Many other excellent examples of reduction projects can be found on our website. Our Sustainable Community brings together a variety of emission reduction projects from Quebec and Ontario.

In addition, source reduction projects also encourage innovation, and the development and adoption of cleaner, more sustainable technologies.

Finally, reduction projects are adaptable to the specificities of different fields and industries. This makes them a highly flexible project category with a wide range of applications.

Why are different types of carbon credits important? 


It’s important to know about the different types of carbon credits because, as Sebastien Cross, co-founder of BeZero Carbon, says, “some carbon credits perform better than others” when it comes to actually reducing GHG emissions.

Indeed, carbon credits from nature-based projects have often received bad press for a variety of reasons, some more legitimate than others.

Firstly, in these projects, it is difficult to maintain CO2 sequestration, as natural environments are subject to many hazards, such as forest fires. When plants are used as fuel, the stored CO2 is immediately released back into the atmosphere. To remedy this, some project developers apply probabilities to take these hazards into account.

Secondly, carbon credits can be issued based on the number of tonnes of GHGs a project is expected to reduce. In other words, these carbon credits can be sold before the reduction has actually occurred. This is known as ex-ante certification. This allows the project proponent to secure financing for the duration of the project. However, this method of certification can cause problems when the credits are purchased. After purchase, if an unfortunate event prevents the project from going ahead as planned, this can result in the purchase of carbon credits that do not represent a real reduction in GHG emissions.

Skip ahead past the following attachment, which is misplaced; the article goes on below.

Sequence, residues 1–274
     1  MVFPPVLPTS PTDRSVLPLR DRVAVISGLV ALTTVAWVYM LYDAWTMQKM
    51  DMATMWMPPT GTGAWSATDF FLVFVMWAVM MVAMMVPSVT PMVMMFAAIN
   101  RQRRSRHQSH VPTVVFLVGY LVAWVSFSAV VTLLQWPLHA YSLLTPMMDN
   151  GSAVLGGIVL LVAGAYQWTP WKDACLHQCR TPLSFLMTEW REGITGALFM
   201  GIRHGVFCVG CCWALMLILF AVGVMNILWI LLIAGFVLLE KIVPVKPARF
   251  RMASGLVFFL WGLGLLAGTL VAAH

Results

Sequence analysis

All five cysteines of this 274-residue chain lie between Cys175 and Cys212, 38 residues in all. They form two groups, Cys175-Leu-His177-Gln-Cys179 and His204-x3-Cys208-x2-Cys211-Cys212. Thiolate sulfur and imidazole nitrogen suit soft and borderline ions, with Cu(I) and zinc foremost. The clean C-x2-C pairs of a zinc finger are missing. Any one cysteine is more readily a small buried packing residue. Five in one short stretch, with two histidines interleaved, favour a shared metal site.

Ex-ante certification, while not exclusive to natural projects, is more common for this type of project. Nature takes many years to store all the carbon it has the potential to store. In the case of tree planting, most trees take more than 25 years before they have finished growing and storing carbon in their tissues. What’s more, land acquisition is often very expensive, which is why financing is needed right from the start of the project. Imagine having to wait more than 25 years before you start repaying your debt!

Beware of generalizing about carbon credit categories! 

If carbon credits from natural projects are risky, does that mean that all carbon credits are useless? No. Putting all carbon credits in the same basket would be like saying that all foods are bad for your health, when in fact certain foods are essential to our health. Ridiculous, isn’t it?

In fact, the Council on Integrity of the Voluntary Carbon Market (CIVCM) maintains that carbon credits are an essential tool for developing projects to reduce GHG emissions and achieve global climate objectives.

Will Solutions is committed to taking concrete action for the climate. At Will, we specialize in carbon credits from source reduction projects in Quebec and Ontario. As a result, Will Solutions’ carbon credits are of the highest quality. What could be more secure and honest than a carbon credit derived from a tonne of GHG that has already been reduced?

If you prefer to buy nature-based carbon credits (NBS), we recommend carbon credits from our partner Carbone Boréal. As a Quebec-based project, you’ll have access to local, verified carbon credits.

Anne Ménard

Anne Ménard

GHG auditor

Author of the article